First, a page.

What to do when you have a owner-contractor lawsuit

Contractor – owner disputes are common lawsuits heard in small claims court and must be commenced and defended with caution.

Generally owner can sue a contractor for demonstrably shoddy construction, misrepresentation or fraud. The latter two could apply if the builder lies or deceives you about the quality or method of construction in order to hide cheap materials or sloppy work.

To calculate an award for any kind of building deficiencies, courts will consider two things:

  • Diminution of market value (in other words, does the construction reduce the value of your home?)
  • Cost of repairs

Courts will award repair costs if two conditions are met:

  • The costs are reasonable under the circumstances;
  • The owner has, or clearly intends to repair the work.

Absent an express term as to standards of workmanship, it is an implied term of a construction contract that the contractor will exercise the standard of care and skill to be expected of a competent contractor in the industry: Ivan’s Renovations Ltd. vs Arabsky.

A written contract between owner-contractor should include:

  • A detailed list of all the work being done;
  • Information on any subcontractors being hired;
  • Total project cost including taxes;
  • The start and end dates;
  • Responsibility for cleanup;
  • Names and address of the contractor and homeowner.

In should be noted that the judge searches for certain evidence necessary to advance a claim.Some of this evidence may include: photos, videos, agreements, proof of payment and inspection reports.At times, evidence is no longer available and the claim’s fail because parties to the claim failed to obtain necessary evidence, this usually occurs when the owner decides to repair damages prior to consulting with a legal firm. For those reasons, it is a good idea call (647) 270 – 0811″ for consultation prior to commencing repairs, this way evidence may be saved.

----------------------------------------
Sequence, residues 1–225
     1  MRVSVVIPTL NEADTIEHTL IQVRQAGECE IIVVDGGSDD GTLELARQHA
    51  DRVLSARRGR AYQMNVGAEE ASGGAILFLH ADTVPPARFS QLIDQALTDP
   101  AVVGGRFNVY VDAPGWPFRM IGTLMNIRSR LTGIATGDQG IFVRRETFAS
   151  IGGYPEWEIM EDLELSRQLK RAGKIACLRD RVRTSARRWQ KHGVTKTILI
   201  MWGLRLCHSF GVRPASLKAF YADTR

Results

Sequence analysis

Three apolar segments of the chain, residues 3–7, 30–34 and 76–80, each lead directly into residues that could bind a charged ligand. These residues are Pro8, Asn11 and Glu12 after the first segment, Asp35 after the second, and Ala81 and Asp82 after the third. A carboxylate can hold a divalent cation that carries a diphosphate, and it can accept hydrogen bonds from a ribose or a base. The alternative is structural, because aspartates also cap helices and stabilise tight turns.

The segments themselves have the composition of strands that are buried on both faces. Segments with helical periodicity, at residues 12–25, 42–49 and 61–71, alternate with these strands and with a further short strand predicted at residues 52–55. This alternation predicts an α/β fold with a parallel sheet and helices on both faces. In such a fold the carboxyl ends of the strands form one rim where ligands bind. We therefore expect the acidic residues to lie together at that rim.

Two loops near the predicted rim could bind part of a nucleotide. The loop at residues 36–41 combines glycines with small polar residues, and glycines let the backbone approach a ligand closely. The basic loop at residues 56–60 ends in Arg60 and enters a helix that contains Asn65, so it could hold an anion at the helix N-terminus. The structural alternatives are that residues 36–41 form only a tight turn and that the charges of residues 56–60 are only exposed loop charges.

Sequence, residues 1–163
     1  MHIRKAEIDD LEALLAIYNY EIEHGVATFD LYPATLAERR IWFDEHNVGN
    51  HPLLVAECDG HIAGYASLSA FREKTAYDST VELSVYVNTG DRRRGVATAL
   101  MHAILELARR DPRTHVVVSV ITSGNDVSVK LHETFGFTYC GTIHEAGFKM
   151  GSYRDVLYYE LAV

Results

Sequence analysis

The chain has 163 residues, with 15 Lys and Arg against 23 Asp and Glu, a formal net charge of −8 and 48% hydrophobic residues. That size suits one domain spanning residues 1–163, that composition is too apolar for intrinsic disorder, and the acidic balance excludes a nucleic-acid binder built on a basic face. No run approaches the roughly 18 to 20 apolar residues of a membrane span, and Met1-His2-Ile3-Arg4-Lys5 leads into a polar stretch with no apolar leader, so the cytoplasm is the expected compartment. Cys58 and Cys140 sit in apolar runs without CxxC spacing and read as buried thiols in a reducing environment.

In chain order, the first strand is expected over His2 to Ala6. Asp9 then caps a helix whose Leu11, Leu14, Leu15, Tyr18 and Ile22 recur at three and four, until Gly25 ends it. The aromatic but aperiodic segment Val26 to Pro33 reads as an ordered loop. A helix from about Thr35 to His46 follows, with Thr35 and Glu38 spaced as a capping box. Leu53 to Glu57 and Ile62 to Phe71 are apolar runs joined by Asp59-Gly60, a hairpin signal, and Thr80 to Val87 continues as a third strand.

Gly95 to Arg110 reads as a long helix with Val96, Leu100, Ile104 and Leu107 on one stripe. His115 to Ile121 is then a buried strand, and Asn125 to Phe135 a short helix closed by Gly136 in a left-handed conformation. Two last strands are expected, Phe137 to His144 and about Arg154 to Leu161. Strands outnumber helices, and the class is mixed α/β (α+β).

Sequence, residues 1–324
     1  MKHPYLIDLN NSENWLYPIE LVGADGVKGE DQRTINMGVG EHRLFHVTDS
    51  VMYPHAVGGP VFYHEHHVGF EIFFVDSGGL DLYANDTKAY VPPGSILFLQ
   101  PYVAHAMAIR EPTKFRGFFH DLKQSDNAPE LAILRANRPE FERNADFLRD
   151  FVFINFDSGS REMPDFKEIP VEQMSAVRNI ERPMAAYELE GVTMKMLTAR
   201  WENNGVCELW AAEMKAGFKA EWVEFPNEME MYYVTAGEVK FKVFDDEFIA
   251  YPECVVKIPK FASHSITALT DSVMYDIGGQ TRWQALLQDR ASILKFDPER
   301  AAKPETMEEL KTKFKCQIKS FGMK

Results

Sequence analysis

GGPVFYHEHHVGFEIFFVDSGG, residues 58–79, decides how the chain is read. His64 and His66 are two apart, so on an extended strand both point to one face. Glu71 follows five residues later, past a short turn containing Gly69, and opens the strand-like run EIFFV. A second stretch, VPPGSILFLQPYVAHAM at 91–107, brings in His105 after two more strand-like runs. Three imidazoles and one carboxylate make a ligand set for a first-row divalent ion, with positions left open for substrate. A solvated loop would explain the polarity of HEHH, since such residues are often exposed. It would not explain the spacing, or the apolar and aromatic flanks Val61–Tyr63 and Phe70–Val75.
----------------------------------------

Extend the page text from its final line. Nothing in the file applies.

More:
A contractor claim/defence may succeed if the proper evidence is in brought forward. In this case Royal Paving v. Marshall, a contractor was supposed to repair and extend some paved asphalt, but extended it in the wrong place, causing drainage problems. However, the judge said the error was slight enough that it didn’t cause diminution of the property and also said that, since 18 months had elapsed, it was clear the homeowner had no intention of repairing it himself.

In another case,Strata Corp. NW 1714 v. Winkler: a contractor installed a too-thin concrete floor, which began cracking. The business owners sought repair costs to have the work done entirely from scratch, asking for $170,000 (the entire building had only cost $200,000 to construct). The court disagreed, saying the cracks could simply be patched and waterproofed at the far more reasonable cost of $12,000.

Let our firm develop your strategy and if you have any questions along the way, remember that our firm is here to offer you  expert legal advice for your matter.

Call us today to arrange a consultation with one of our experienced paralegals.